You tried a tiny bite of mango. You seemed to like it, but refused additional bites.

You refused to try any of the three delicious varieties of Indian bananas your Avva had gotten for you.

You devoured the sev (fried chickpea flour sticks) Avva made for you, but otherwise stuck to eating the food we brought for you.

You announced, “This is not home. This is India. This is our India home.” This happened about a week into our stay.

You went to India with Mama and Daddy, and we were nothing but impressed with how well you handled the trip.

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A few weeks ago, on a whim, I began to sing the Alphabet Song and stopped to see if the Boo would pick up where I left off. I sang “A B C D” and he chimed in, though not singing, “E F G.” I sang a few more letters, he spoke the ones that came next. We went through the song a few more times, and no matter where I left off, he picked right up and never got the sequence wrong.

Yesterday I started the same way, singing “A B C” and then stopping. He said, “NOT D.” And giggled. I giggled, and we continued this way through the whole song, singing, speaking and giggling, right down to “now I know my” “NOT ABCs.”

Such a mystery, the mind of the toddler. So much information packed in there, and such creativity in how it comes back out.

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20140701-170106-61266583.jpgOver the past week, the Boo has been issuing declarations, usually after a period of what I can only describe as intense quiet. Herewith, a list.

During an episode of Thomas and Friends:
– When the steam stops, the train stops.

After we made a couple of mini books, bound with safety pins:
– If we take out the pins, no more book.

At the kitchen sink:
– Some water is good, some water is yucky.

Also at the kitchen sink:
– Fast is good. Slow is bad.

Always thinking, this one.

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Hanging out in bed, the three of us, the Boo in the middle. There might have been an iPad involved — hard to recall now.

The hubs sneezed. Well, not really. Rather, a sound with a thousand pointy edges exploded from his face. Twice, I think.

Rarely have I seen the Boo scramble so quickly.

He didn’t quite cling to me, but he wanted to be very very near me, and not his Daddy. (A rare occurance when both of us are around.) Keep in mind that his pronouns are still mostly reversed as I tell you what he said over and over: “You don’t like that sound.”

Neither do I, Boo. Neither do I.

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You can recognize certain words, most notably “yo,” which was in a recent library book as well as on Mama’s T-shirt:

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You have discovered how to slide down the stairs on your belly, feet first.

“Say Hello” by Rachel Isadora was your surprise favorite from our last library run.

You remain obsessed by AC units, which you call fans. You ask to “walk the neighborhood” so you can look at your favorites over and over, requesting to be lifted up to see if they’re spinning.

You love running across open spaces in parks just as much as you enjoy conquering ladders and slides in playgrounds.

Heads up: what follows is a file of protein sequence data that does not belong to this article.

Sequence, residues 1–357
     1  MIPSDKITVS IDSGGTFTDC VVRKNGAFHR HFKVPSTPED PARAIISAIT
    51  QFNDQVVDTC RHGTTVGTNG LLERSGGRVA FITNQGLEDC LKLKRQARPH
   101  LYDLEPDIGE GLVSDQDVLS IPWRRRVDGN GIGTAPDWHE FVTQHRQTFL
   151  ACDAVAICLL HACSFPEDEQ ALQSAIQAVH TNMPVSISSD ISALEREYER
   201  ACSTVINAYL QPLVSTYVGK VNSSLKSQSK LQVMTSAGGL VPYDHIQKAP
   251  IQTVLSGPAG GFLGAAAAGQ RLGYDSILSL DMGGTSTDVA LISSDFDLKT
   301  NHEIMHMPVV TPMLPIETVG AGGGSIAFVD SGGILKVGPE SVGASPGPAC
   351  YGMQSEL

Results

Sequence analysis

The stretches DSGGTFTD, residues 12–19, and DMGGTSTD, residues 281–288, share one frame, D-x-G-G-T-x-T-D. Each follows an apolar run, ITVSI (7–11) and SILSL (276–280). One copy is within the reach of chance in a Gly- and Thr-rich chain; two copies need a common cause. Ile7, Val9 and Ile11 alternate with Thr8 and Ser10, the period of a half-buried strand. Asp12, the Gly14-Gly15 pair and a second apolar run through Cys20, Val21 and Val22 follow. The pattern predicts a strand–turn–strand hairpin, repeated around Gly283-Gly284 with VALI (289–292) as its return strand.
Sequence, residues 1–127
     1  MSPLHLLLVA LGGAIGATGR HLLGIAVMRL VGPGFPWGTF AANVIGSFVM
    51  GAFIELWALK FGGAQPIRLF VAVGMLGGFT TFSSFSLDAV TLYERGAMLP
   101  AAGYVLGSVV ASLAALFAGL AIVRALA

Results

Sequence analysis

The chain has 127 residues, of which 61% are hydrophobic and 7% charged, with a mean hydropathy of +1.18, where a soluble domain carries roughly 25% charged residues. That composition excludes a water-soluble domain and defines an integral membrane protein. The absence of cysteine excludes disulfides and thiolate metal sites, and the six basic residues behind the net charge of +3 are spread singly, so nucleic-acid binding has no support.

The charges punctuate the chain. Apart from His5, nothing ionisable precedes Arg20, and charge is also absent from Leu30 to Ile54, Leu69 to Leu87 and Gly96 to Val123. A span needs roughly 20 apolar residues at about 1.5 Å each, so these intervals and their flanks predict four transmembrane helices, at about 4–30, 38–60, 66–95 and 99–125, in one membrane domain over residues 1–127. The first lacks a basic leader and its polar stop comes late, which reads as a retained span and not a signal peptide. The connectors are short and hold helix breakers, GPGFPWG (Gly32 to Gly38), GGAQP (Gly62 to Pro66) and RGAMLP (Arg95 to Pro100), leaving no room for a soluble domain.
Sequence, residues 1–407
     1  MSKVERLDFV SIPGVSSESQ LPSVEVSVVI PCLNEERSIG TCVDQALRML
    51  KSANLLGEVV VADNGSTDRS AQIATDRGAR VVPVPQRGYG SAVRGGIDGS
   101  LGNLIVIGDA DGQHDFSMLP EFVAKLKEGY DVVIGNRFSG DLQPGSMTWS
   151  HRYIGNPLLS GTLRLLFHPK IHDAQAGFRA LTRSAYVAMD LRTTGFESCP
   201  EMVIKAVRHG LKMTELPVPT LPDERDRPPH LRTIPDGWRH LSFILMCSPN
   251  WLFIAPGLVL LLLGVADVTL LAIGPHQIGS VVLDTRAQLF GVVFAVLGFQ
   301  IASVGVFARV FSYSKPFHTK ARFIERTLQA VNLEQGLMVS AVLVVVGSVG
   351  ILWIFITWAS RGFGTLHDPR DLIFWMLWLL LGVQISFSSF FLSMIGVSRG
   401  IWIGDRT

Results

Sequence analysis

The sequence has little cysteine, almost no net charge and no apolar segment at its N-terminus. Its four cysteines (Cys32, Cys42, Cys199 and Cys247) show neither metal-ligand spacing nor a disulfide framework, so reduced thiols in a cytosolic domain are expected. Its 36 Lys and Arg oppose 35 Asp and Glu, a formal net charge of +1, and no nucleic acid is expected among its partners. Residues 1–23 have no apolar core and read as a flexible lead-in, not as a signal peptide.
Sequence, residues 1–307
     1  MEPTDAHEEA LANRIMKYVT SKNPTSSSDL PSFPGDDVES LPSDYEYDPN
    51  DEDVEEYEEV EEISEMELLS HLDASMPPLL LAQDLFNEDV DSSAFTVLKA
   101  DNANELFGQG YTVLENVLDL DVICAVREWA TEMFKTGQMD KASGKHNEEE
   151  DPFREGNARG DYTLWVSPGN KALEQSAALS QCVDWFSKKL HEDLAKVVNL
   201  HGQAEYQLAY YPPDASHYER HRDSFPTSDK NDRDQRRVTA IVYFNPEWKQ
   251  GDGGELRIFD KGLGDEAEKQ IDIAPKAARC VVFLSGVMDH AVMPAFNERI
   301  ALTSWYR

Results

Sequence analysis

You like to throw the afghans and couch pillows onto the living room floor.

You are adept at unscrewing the top of your toothpaste tube. And Grammie’s lotion tube. And anything else with a screw-on lid. This would be a downside of you having a building set.

You recently had your first professional haircut, from a friend of Mama’s who came to the house. You were unsure about her at first, but eventually showed her your favorite cat video and munched chocolate chips while she snipped away. You did not, however, enjoy the sensation of tiny bits of hair on your skin. At all.

You have developed an affinity for Caillou that borders on obsession.

You regularly declare your love for Daddy. You have declared your love for Mama exactly once, during a diaper change.

You know what pill bugs are and like to look for them during walks.

You have begun to (sometimes) announce when you need a diaper change.

You like to see how much taller than you the sunflower plants are.

You do not care for babies grabbing you, but you do allow them to grab you.

You almost never opt to sit in your high chair anymore.

You sometimes hit Mama with your bedtime buddy (or, on one occasion, a toy screwdriver). Usually this happens when you are tired, excited, or craving attention.

You have a pair of scissors, and occasionally like to use them to slice stuff up.

You are learning how to ask kids to share toys at summer camp — in particular, fire trucks and dinosaurs. You have also learned about sand in your shoes. You’re not a fan.

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Chapter One

A week ago I took part in a performance, part of a really cool project that turns poems into songs. Rehearsals had gone reasonably well, I had practiced quite a bit the week before the show, and I knew my keyboard and vocal parts well enough that I wasn’t nervous.

Then I had a massive brain fart in the middle of a song I’d had down cold for weeks. Started singing it in a different register. Lost my place. Stopped singing. Somehow found my place again and trudged on.

I had a strong desire to flee.

But we were less than halfway through the show. The song I’d written was coming up. And I was sitting as far from the steps as I could be. To leave the stage, I would have had to either hop off the front of the stage, or thread my way through cords and people and instruments.